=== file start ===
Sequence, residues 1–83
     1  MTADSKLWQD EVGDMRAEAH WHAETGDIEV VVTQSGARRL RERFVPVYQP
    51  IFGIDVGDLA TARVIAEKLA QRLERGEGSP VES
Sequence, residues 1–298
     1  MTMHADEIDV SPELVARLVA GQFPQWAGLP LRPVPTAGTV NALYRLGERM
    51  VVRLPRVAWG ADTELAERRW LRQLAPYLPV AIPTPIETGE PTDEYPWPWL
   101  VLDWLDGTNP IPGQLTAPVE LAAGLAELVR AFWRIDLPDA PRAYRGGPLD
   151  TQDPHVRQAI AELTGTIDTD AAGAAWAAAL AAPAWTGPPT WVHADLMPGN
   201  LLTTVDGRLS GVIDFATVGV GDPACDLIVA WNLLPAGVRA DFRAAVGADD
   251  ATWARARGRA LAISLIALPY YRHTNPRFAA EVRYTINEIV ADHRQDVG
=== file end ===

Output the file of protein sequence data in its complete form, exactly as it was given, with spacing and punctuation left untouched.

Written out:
Sequence, residues 1–83
     1  MTADSKLWQD EVGDMRAEAH WHAETGDIEV VVTQSGARRL RERFVPVYQP
    51  IFGIDVGDLA TARVIAEKLA QRLERGEGSP VES
Sequence, residues 1–298
     1  MTMHADEIDV SPELVARLVA GQFPQWAGLP LRPVPTAGTV NALYRLGERM
    51  VVRLPRVAWG ADTELAERRW LRQLAPYLPV AIPTPIETGE PTDEYPWPWL
   101  VLDWLDGTNP IPGQLTAPVE LAAGLAELVR AFWRIDLPDA PRAYRGGPLD
   151  TQDPHVRQAI AELTGTIDTD AAGAAWAAAL AAPAWTGPPT WVHADLMPGN
   201  LLTTVDGRLS GVIDFATVGV GDPACDLIVA WNLLPAGVRA DFRAAVGADD
   251  ATWARARGRA LAISLIALPY YRHTNPRFAA EVRYTINEIV ADHRQDVG